Stepping inside the 1929 villa where designer Kristina Dam, her musician husband Ketil Duckert and their children Vera (12) and Nord (7) have lived for the past few years is a sensory experience. The color palette of the three-bedroom home on Amager Island in Copenhagen, Denmark is soothing and natural; instead of turning up the colour, Kristina has toyed with form and materiality to create a kind of artistic minimalism that could be construed as Japandi, in which the hallmarks of Scandi design blend with a Japanese sensibility.
Kristina’s considerable skill is exemplified in the living zone, which she says was the trickiest spot in the house to decorate. Needing to define a small area in a larger open-plan space beside the thoroughfare to the kitchen, she finally feels she’s succeeded in getting everything fitting together well to create the ambience she seeks, through combining organic and angular shapes and a diverse range of materials.
The hero detail here is the array of artworks she arranged to form a large-scale installation. When asked what the trick is for making a gallery hang such as this come together so well, the graduate of the Royal Danish Academy of Fine Arts for Architecture & Design says, “For me, it’s about making sure there are works of different formats, structures and surfaces represented on the wall, and something organic. The frames could have something in common or not. I’ve chosen various narrow wooden frames and stuck to tranquil tones because I want a calm and harmonious overall expression, but I’m also an advocate of doing it in other ways where it’s visually more wild.”
The dining area is Kristina’s favourite space. She especially loves the window seat on which you can laze and gaze out into the garden. It was important to her to install comfortable seating in this area, so the family can hang out together without having to cram around the dining table.
Another cherished feature in the dining area is the shelving unit she had built to fill the entire wall, with acoustic boards behind it to improve the sound in the open-plan space. On its shelves and others throughout the house, Kristina displays collections of crafted objects, often gathered when she’s on the road.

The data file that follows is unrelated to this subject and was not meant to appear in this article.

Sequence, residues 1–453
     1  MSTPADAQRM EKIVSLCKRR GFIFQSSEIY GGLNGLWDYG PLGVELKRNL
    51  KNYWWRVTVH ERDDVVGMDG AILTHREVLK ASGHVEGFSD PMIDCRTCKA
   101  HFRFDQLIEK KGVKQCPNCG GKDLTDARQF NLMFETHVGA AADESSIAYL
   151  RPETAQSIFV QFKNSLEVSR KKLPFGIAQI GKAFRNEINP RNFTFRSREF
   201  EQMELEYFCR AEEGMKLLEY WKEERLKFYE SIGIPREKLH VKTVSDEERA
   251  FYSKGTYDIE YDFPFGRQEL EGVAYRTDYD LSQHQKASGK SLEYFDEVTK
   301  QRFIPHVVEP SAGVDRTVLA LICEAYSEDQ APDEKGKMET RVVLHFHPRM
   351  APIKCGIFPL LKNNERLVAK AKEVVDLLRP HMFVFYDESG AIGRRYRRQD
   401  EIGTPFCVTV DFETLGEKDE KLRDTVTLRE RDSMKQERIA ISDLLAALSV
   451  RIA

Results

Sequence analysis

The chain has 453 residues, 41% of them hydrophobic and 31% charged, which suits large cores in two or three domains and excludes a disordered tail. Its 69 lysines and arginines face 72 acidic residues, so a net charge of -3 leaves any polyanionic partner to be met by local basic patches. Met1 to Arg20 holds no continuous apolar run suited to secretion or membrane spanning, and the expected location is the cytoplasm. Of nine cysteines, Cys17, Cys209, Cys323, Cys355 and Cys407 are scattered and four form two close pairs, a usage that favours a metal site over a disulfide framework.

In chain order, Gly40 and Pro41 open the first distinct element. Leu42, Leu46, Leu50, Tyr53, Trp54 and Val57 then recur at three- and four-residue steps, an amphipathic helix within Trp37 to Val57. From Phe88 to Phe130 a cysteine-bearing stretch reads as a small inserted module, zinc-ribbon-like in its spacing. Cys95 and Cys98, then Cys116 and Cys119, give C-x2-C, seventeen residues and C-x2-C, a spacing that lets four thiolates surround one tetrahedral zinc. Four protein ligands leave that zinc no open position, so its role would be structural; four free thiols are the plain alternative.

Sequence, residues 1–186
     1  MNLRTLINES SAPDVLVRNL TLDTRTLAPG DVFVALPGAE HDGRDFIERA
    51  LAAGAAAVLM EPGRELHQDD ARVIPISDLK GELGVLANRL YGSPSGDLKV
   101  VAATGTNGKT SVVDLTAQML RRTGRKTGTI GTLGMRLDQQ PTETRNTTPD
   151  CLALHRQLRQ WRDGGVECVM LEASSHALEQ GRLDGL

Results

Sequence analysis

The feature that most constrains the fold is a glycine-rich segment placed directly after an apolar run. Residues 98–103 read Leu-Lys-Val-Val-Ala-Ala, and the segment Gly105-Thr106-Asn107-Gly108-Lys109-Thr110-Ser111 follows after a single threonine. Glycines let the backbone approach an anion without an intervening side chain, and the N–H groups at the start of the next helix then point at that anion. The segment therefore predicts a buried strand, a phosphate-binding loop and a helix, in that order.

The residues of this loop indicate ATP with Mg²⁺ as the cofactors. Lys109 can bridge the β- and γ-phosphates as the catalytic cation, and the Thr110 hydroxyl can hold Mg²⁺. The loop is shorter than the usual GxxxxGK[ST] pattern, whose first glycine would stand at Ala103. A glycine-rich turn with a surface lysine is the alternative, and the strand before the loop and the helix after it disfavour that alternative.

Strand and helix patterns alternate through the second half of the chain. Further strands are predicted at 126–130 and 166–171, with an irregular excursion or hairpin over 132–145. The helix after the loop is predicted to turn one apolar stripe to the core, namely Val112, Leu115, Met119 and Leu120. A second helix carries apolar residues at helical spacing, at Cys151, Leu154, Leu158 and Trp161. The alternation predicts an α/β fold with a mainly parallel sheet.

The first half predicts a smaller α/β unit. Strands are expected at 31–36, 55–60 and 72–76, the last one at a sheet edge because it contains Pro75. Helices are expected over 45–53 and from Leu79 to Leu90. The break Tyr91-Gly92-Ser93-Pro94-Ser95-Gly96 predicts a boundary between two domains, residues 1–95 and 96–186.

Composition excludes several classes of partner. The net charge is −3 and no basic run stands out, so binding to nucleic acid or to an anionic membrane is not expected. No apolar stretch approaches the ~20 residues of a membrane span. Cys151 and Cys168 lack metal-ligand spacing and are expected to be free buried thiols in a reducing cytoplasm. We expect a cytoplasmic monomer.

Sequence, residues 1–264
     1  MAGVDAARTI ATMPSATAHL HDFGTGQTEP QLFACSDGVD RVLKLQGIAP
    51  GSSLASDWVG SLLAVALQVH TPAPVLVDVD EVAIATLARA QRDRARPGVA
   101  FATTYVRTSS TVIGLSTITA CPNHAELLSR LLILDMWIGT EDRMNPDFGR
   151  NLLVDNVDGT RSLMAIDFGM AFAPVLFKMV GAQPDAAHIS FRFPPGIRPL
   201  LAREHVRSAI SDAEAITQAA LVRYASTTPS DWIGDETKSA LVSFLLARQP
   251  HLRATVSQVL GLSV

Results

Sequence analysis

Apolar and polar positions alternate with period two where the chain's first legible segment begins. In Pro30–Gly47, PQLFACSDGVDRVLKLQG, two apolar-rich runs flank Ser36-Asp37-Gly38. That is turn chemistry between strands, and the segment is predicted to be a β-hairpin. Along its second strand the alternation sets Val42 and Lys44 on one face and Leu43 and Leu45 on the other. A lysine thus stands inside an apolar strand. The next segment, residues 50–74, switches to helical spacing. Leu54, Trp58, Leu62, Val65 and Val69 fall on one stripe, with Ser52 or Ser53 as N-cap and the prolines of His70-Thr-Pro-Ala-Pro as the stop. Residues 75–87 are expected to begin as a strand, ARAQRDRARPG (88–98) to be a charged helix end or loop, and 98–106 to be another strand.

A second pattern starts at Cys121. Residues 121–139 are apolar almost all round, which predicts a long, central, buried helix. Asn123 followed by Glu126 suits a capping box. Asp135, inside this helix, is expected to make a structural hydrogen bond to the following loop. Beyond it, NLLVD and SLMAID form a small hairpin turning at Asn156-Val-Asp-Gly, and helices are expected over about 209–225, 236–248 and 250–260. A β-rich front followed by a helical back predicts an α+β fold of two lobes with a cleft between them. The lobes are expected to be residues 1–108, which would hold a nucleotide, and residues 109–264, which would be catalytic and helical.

“When I travel or visit markets in Denmark, I’m always aware of objects, and I can’t hold back if there are some delicious ceramics, a beautiful glaze or nice glass items,” she says. “To avoid having ceramics on every surface in the house, many of my collections are grouped in the huge bookcase. It’s like the art, which is curated in clusters with colours that are well connected.”
“For me, having pure white surfaces in my home gives a sense of spaciousness and peace,” she continues. Serenity is reflected in the items produced by her eponymous studio Kristina Dam (for which she designs furniture and objects in the zone between interiors and art) and as brand and design director for interiors and lifestyle company Broste Copenhagen. At home, she wants to be able to relax without too much visual noise, so she uses this house to test out her designs before they’re put into production, to be absolutely sure they work in real life.
Kristina finds inspiration for her designs in all sorts of places, but never more so than when she travels. She stores impressions and gathers ideas from everything from buildings and exhibitions to fit-outs in restaurants and shops. Even something as simple as a walk on the beach might see her pick up a stone that leads her thoughts to a new product.
Here, she blends her own creations with design classics by some of her favorite architects and furniture designers. Her list of role models is long, with Danish architect/furniture designer Bodil Kjær, Danish designer Poul Kjærholm, German artist Josef Albers, French architect/designer/artist Le Corbusier, Finnish architect/designer Alvar Alto and American artist Donald Judd among the prominent names on it.
Kristina would rather save up for sublime design and excellent craftsmanship than throw money at short-lived purchases, so once an investment piece is moved in, it’s intended to be reside here forever. “We’ve had many of our objects and furniture for years,” she says. “I love to stage them in new ways to give new life to our home with the things we already have — and every now and then add a few fresh finds I’ve been drawn to.”
With the help of an architect, Kristina designed an extension to the back of the house that’s given the family an extra 30m2 that now houses the kitchen, dining and living spaces. Clad in black timber and with large sections of glass, it reaches into the backyard via steps and protruding sections of deck. Studded with potted miniature conifers, these outdoor areas are used extensively in the summer and an enchanting sight to behold come winter, when they’re gently dusted with snow.